If lifestyle changes such as having you exercise regularly, changing your diet, or dietary supplements are unsuccessful in treating ED, your doctor may try drug therapy and prescribe medications such as sildenafil citrate, tadalafil, and vardenafilor your partner may be prescribed the drug by a specialist. 

If ED is severe, your doctor may recommend surgical treatment.


ED is often due to blocked vascular veins which lead into the penis. Surgical intervention can increase blood flow. It's most effective for men under 30 years of age. Doctors do not typically prescribe it to older men who suffer from extensive narrowed arteries.

Vacuum Devices (Pumps)

Vacuum equipment such as a penis pump for treating ED are non-invasive substitutes for medical treatments and for medication. 

The penis must be placed inside a cylinder, the pump pulling out the air into the chamber. This creates partial pressure on the penis causing blood to enter the blood vessel that causes an erection. 

Your erection is then maintained by elastic bands around the base during sex.


Injections can be difficult, but they may help in treating ED. Injecting medication directly into a penis can make the erectile function stronger. 

Injection drugs widen your blood vessels and fill your penis with blood. 

A second option available in treating ED is a medicated pellet that's inserted into an open penis hole. The pellets may initiate erectile contraction in less than 10 minutes.


Penile implants to treat ED are a treatment that helps with re-establishing sexual relations without medication or repeated doctor visits. Penile implants are made by putting two tubes inside the penis to fill a reservoir of compressed liquid. A surgical penile implant can use flexible splints and can also adjust its position; the penile implant can also be an effective long-term medical remedy for treating ED.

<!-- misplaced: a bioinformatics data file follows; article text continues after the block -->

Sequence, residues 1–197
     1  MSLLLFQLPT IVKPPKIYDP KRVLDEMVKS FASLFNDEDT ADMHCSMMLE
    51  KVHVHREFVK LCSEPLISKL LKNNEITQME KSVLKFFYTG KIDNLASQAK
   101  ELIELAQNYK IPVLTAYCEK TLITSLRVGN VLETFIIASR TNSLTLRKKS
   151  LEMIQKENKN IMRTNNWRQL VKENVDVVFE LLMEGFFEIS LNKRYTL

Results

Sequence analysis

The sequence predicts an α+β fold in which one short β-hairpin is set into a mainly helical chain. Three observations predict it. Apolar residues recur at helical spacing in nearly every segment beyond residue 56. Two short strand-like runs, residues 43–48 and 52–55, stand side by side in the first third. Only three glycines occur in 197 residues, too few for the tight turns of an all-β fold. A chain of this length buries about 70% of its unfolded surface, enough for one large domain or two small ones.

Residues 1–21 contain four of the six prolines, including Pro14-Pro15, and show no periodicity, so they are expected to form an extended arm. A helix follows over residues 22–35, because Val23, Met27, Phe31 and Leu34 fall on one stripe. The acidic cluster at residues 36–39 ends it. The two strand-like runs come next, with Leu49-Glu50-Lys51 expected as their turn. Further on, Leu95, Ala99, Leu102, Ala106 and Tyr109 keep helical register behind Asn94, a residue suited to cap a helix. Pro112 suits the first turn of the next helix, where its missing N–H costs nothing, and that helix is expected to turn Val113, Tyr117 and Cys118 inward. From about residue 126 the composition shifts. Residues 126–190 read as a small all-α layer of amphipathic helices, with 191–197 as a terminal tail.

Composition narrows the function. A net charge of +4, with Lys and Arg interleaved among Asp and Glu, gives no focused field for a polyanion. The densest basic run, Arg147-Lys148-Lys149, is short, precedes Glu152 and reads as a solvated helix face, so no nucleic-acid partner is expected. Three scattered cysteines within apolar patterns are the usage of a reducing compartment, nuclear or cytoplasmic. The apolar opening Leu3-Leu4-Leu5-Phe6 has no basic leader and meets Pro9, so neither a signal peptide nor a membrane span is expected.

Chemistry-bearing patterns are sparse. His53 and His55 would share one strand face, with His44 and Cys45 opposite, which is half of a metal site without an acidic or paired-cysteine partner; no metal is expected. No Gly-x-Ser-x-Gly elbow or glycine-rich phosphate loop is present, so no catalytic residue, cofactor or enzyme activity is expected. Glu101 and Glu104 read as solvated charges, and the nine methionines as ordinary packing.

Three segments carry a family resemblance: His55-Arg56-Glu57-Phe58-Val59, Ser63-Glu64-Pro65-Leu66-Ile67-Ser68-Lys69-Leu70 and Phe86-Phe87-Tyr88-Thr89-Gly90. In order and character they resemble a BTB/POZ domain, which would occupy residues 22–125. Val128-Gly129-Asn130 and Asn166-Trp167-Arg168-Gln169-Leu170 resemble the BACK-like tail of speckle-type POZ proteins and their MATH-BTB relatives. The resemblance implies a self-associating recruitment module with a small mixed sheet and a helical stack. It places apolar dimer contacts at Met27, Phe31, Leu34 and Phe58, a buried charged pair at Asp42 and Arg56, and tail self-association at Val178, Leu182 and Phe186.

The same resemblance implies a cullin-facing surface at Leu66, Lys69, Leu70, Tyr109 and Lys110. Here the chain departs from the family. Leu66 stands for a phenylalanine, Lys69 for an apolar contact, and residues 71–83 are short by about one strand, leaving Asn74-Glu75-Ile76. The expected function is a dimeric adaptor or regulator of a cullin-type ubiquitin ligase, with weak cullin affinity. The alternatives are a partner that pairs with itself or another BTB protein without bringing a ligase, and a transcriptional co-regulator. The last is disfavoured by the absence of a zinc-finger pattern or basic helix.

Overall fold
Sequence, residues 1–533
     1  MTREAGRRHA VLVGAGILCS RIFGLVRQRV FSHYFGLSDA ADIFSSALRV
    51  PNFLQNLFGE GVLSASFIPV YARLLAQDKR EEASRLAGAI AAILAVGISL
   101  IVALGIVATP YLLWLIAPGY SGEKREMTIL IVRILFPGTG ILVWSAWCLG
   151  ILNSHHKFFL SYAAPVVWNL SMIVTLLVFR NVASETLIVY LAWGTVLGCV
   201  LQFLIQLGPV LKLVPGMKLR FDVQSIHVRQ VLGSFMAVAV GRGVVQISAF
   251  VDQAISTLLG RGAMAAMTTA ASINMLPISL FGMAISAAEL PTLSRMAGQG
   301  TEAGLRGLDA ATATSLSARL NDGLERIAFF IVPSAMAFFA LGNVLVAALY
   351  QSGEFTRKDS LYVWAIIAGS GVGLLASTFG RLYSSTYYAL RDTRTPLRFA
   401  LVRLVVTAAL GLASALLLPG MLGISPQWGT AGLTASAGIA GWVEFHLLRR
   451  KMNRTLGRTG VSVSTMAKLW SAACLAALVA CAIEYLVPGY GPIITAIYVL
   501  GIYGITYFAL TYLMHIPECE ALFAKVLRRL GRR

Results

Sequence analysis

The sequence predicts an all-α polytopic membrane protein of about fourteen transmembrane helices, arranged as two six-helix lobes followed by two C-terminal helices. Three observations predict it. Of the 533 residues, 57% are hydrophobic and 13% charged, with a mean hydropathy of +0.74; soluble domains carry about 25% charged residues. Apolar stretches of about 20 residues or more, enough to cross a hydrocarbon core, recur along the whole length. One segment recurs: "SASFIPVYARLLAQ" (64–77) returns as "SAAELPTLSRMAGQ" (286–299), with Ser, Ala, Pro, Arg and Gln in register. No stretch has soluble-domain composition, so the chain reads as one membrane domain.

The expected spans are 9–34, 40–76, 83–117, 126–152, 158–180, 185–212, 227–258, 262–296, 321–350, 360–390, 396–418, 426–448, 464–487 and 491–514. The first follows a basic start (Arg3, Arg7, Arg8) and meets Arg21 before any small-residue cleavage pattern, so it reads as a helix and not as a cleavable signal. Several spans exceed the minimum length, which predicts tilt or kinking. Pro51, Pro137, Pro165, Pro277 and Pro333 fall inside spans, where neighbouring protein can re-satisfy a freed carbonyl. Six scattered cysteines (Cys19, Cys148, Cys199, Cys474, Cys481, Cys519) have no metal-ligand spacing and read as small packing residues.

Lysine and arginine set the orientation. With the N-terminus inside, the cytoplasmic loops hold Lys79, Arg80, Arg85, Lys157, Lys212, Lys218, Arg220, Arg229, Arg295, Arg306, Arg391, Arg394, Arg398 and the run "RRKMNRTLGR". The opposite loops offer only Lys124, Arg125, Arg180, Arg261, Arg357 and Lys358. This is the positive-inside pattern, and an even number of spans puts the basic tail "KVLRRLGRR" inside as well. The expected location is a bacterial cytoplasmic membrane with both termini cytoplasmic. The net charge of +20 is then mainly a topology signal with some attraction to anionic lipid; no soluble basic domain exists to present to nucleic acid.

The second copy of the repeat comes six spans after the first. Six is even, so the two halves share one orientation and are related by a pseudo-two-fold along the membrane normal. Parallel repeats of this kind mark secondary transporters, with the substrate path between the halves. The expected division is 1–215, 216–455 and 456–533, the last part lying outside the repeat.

PRP (PRP) injection

According to the J Sex Med, men who have ED are given PRP treatment in the form of a "Priapus injection" or "P shot" to enhance their erections. PRP may be one of the most natural therapies accessible for guys suffering from ED since it uses your own platelets.


Penile revascularization surgery is comparable to cardiac bypass surgery, however, it is performed on the penis. It is intended for healthy males under the age of 50 who have no signs of a venous leak upon testing. 

The most prevalent reasons for erectile dysfunction that can be addressed with penile revascularization are perineal trauma or bike riding.

Shockwave therapy

During the therapy, a tiny wand-like device emits focused sound waves to stimulate penile tissue and increase blood flow, which can help hasten recovery. Low-intensity shock waves have also been proven to stimulate the growth of new blood vessels and enhance blood flow in the penis, both of which are required for erections.

Questions and Answers on Erectile Dysfunction

How is male sexual dysfunction prevented?

The single best thing you can do to prevent all sorts of sexual dysfunctions is to take care of your overall health. You can prevent erectile dysfunction (ED) and other sexual disorders by quitting smoking, following a good eating plan, maintaining a healthy weight, and being physically active.

What role does Peyronie's disease have in ED?

Peyronie's disease causes scarring and curvature of the penis, which can restrict blood flow.

Peyronie's disease can induce ED, but it requires a more intensive treatment plan that involves pharmacological medicines and surgical treatments.

What role do digestive and kidney diseases have in causing ED?

Erectile dysfunction (ED) is a prevalent problem among men with chronic kidney disease (CKD). Its frequency among these individuals is believed to be over 80% according to a prominent 2014 study.

Can high blood pressure cause ED?

High blood pressure causes artery walls to stiffen and thin, decreasing blood flow to the penis. Erectile dysfunction is a symptom of damaged blood vessels and possibly cardiovascular disease.

What alternative treatments are available for treating ED?

There are several alternative medical treatments for treating ED such as exercising pelvic floor muscles (Kegels), dietary supplements, and an inflatable penile prosthesis.

Takeaway point

Erectile dysfunction is a common sexual problem that can lead to emotional disorders. Therapy for erectile dysfunction is now more effective than ever thanks to medical and surgical developments. Also, the prevalence of psychological factors and the ability to combine mental and physical issues make therapy easier.

Speak with your doctor about the best treatment options for erectile dysfunction.